Posted by: JennyRain | May 17, 2007

Modern-day Samaritan

“I tried to get help at three churches, but I don’t think they like my kind.” “They don’t like my kind either, son.”

SIX MONTHS AGO a destitute man used his last pennies to get to a small town outside of Washington, D.C., hoping to find some landscaping work.

He hadn’t worked in days, or eaten for that matter, yet he arrived hopeful with one set of dirty clothes on his back, and the other set in a laundry basket on his passenger seat. After hours of driving around hearing “no” from potential employers, the man entered a church in hopes that if he washed at least one set of clothes, he might have better luck with employers.

He inquired at the church, but found there a stern-faced, gray-haired woman.

“No, I’m sorry,” she replied curtly. “Our washers are not open to the public. You will have to go elsewhere.”

The man left the church dejected and attempted the church across the street; he got the same reply: “No.”

 Not sure how to proceed, he saw a church steeple down the block, beckoning him. Third time’s the charm. The only person available there was a janitor who seemed down on his luck himself. He said he wasn’t allowed to open the laundry room to “outsiders.”

TIRED, HUNGRY, DIRTY and broke, the man wandered slowly back to his car. Almost on cue, an older gentleman named George came out of a nearby electronics store with a large package and a smile on his face.

“Excuse me, sir,” the younger gentleman said. “Could I bother you for a favor?”

George took one look at the gaunt young man and his heart went out to him. But he wasn’t in the habit of stopping for people looking for help; this area of the city had a horrible crime problem and the last thing he needed was to be mugged.

And he had spent so much time researching and waiting for the special purchase in his arms, he wasn’t interested in the distraction.

“What can I do for you?” George asked.

“Well, I attempted to come into town and find work but haven’t had much luck. I spent my last money on gas getting here, so I’m not sure how I’m going to get home. Do you maybe have a five-dollar bill that I can refill my tank and do my wash? I tried the three churches over there, but I don’t think they like my kind.”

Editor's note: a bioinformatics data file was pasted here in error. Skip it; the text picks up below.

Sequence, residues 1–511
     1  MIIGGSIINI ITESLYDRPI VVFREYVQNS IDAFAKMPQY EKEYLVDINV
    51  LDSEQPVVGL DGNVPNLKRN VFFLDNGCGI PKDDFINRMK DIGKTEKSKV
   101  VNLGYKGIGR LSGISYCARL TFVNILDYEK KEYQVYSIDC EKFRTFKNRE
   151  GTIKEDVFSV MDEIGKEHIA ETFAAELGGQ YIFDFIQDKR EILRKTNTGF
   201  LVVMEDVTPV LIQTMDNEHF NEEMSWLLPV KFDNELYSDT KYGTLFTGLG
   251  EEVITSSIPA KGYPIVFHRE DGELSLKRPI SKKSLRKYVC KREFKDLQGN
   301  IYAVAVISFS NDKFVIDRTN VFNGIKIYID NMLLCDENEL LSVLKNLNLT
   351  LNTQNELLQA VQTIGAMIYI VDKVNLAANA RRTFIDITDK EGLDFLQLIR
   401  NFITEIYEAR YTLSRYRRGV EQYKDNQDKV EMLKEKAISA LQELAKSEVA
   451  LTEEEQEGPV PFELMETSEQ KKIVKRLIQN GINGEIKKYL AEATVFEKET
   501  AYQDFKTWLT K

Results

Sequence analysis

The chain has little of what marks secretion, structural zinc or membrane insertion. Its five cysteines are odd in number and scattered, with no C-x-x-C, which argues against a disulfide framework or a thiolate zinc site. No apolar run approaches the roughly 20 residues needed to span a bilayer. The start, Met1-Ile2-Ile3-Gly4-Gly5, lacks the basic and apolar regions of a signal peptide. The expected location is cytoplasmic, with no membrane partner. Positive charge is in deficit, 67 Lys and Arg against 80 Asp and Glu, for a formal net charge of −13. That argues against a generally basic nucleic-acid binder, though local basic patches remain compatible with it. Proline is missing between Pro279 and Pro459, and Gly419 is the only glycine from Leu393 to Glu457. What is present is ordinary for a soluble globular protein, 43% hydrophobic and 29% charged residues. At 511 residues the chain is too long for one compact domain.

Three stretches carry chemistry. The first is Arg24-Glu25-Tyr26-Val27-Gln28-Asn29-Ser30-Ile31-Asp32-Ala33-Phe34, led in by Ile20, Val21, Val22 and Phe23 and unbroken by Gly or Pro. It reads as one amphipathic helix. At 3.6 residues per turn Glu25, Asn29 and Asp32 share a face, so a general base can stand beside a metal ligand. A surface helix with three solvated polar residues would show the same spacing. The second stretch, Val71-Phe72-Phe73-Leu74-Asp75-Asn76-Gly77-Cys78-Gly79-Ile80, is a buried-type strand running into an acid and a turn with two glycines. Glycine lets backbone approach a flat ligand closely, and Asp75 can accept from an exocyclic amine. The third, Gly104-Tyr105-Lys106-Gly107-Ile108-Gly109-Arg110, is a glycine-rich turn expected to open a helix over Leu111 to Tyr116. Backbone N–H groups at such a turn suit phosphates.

George looked intently at the man and thought to himself, “They don’t like my kind either, son, so we have something in common.”

“When was the last time you ate?” George asked, out loud.

The young man looked to his feet before responding, “Forty-eight hours ago, sir. But I am OK. I just need some money to get home and try again tomorrow.”

George immediately grabbed for his wallet and saw a $20 bill float to the surface. He was bewildered at first, because he thought he had spent all of his cash on his Christmas purchases.

George handed the young man the $20 bill.
 
“How about taking this and getting something to get you fed, get your clothes clean, and then get yourself home? Can’t work hard if you don’t have any energy, right? Then you can worry about getting your clothing cleaned.”

The young man thanked George over and over and tore straight into the McDonald’s across the street. George sat in his car mesmerized, as the young man gulped down his lunch before zipping next door to the Laundromat.

George was profoundly changed by the experience. He believed God had placed him there on this day for a special purpose, to serve a person he didn’t even know.

For that brief five-minute exchange, he forgot that he was a gay father who had struggled with alcohol and drug dependency issues. He forgot that he had been rejected by the majority of people he came in contact with.

Modern day Samaritans come in shapes and sizes that most people don’t expect. They know the stigma of rejection, but they follow their hearts — not their stereotypes.

And George’s purchase? Well, that was for his daughter, who now has the distinct privilege of telling her father’s true story to whoever will listen.

Happy Birthday dad!

 

Previously Published: Modern Day Samaritan…
All writings on this blog copyrighted by author 5.17.2007.

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Responses

  1. Jenny,

    You profoundly touch me with this story of rejection and acceptance. I am again reminded of my own self-righteousness that seeps to the surface when I least expect it to. Too often I have examined myself against others my religion calls sinners.

    What few seem to realize is that none of us are the perfect children of our Father that we seem to believe we are, but we all have the blood of the Samaritan, the outcast and sinner, flowing in our veins. It is time we stop hiding our imperfections behind our Levitical and Priestly garments thinking no one will notice. Perhaps more of us might consider walking in the ditch rather than in the road. That is where we belong. The road becomes too comfortable, and the longer we walk in it the more difficult it is to climb down in that ditch.

    Peace,
    Keith Vaughn

  2. […] of my first writing attempts, the Modern Day Samaritan was picked up by a Christian online magazine. It is a magazine I still believe is impacting hearts […]


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